Gastroenterologists Darin Dufault, MD, and Stanley Branch, MD, perform the POEM procedure at Duke. It helps people with achalasia eat and drink comfortably again.
Achalasia can make swallowing nearly impossible. Many people with the disease require surgery to eat. Now, Duke doctors are using a less invasive procedure called POEM to help people with achalasia eat and drink comfortably again. They are among the few specialists in North Carolina trained to offer this new option.
Difficult Swallowing, Disrupted Life
Achalasia is a swallowing disorder that affects the nerves and muscles of the esophagus and the lower esophageal sphincter, the muscular ring that controls the lower portion of the esophagus.
When you eat, the muscles of your esophagus contract, pushing the food down. At the bottom of your esophagus, the sphincter opens, letting food into your stomach. In achalasia, the esophagus muscles don’t squeeze and the sphincter muscle doesn’t open, so food can’t pass through, explained Jacob Klapper, MD, a thoracic surgeon at Duke.
People who experience this rare and often painful disorder go to great lengths -- standing up, twisting their bodies, or raising their arms above their head -- just to get food down.
“I’ve had patients who have to literally jump up and down repeatedly in order to get any food to pass,” said Matthew Hartwig, MD, a thoracic surgeon at Duke.
Some people stop eating solid food altogether. Others may also experience chest pain, weight loss, coughing, and regurgitation of food and liquids. Together, the symptoms of achalasia can significantly lower a person’s quality of life.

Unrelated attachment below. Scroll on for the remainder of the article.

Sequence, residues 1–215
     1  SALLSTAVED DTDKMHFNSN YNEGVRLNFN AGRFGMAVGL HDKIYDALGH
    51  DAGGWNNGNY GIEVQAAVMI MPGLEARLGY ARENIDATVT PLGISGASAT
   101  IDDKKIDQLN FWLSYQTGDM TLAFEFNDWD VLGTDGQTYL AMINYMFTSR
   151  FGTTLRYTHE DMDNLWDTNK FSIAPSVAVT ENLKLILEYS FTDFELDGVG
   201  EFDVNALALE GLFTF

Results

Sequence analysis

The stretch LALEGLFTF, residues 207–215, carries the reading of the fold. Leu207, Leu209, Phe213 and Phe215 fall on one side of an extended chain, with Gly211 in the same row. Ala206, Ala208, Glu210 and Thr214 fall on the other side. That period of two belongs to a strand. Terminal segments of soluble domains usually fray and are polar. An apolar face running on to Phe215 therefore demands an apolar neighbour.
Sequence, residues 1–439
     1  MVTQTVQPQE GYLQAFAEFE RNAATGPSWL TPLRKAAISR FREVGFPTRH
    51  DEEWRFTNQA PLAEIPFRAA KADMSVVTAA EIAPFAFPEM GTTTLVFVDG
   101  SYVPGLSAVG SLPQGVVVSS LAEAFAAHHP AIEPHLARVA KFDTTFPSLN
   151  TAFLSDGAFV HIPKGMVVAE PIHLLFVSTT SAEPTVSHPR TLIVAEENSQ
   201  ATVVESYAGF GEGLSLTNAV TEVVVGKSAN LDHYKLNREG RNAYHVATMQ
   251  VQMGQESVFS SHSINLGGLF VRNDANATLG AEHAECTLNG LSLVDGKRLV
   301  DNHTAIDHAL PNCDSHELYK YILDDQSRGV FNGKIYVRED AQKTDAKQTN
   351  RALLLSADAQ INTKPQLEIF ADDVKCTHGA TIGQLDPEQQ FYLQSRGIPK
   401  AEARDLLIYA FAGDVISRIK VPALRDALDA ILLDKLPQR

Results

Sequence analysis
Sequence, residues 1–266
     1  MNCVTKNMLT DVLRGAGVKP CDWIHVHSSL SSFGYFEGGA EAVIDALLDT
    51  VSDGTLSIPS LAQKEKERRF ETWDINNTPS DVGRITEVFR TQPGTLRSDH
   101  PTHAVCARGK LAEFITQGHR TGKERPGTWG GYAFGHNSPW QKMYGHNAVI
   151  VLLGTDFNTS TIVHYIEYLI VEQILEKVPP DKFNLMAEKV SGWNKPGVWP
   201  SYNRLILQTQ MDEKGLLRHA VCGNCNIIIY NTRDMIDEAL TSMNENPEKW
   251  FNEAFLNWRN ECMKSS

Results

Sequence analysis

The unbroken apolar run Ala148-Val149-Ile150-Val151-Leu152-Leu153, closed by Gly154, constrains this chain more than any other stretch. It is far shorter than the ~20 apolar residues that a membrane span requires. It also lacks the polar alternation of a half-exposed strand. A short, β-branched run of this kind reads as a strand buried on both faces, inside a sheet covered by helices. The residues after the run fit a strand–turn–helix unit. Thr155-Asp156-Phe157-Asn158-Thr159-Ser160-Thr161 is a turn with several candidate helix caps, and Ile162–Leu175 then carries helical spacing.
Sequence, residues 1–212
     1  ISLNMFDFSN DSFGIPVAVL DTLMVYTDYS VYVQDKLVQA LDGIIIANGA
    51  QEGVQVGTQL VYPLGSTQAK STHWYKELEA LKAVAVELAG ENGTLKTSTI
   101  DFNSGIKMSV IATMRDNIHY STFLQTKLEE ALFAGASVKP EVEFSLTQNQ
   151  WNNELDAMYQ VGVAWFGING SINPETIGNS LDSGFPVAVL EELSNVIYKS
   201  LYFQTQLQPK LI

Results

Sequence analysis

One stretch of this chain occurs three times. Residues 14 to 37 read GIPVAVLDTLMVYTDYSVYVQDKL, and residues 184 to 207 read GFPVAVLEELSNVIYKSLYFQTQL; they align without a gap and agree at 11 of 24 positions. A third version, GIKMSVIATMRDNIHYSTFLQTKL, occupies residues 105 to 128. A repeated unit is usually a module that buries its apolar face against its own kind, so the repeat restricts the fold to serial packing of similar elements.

Abdominal Surgery Was Only Path to Relief
While medication and injections can provide temporary relief, abdominal surgery may be necessary to treat severe achalasia. Until now, that usually meant a procedure called a Heller myotomy, in which surgeons use small abdominal incisions to reach the contracted muscle. It can provide long-lasting relief and over many years has become the gold-standard therapy.
“By cutting the muscle, we relax the esophagus and allow the food and liquid to pass without difficulty,” said Dr. Klapper. It works well but requires a several-day hospital stay, and people can’t resume their daily activities for up to two weeks.
New, Less Invasive Option
A new procedure called per-oral endoscopic myotomy (POEM) eliminates the need for abdominal incisions. Instead, a flexible tube called an endoscope is passed through the mouth and into the esophagus to reach the damaged muscle. A small light and camera at its tip allow the doctors to see and treat the muscle just as they do during a Heller myotomy.
According to Dr. Klapper, POEM is a major advance. “People go home the next day on a liquid diet, and over a matter of weeks we slowly advance them to a normal diet. They can go back to work quickly because there are no incisions to recover from.”
POEM Helps People with Achalasia Eat What They Want Again
POEM is less invasive and less traumatic to the body, which is an advantage for elderly patients and those with complex issues, Dr. Klapper said.
It can also help someone who has become accustomed to living only on liquids eat nearly everything they want again, Dr. Hartwig added.
However, POEM is not without risks. It has been shown to increase the risk of long-term reflux. And, it may not be the best option for everyone.
Individual Approach to Achalasia Treatment
That’s why it’s important to discuss your options with the esophageal experts at Duke. The team meets regularly to discuss each patient’s condition, explained Darin Dufault, MD, a gastroenterologist with advanced skill and training in performing highly technical endoscopic procedures. Dr. Dufault and gastroenterologist Stanley Branch, MD, also perform the procedure at Duke.
“We help each patient understand the risks and benefits of each procedure and recommend the best possible treatment for them, whether it’s surgery or POEM or another intervention," he said. "Sometimes neither POEM nor surgery is the right choice,” he said.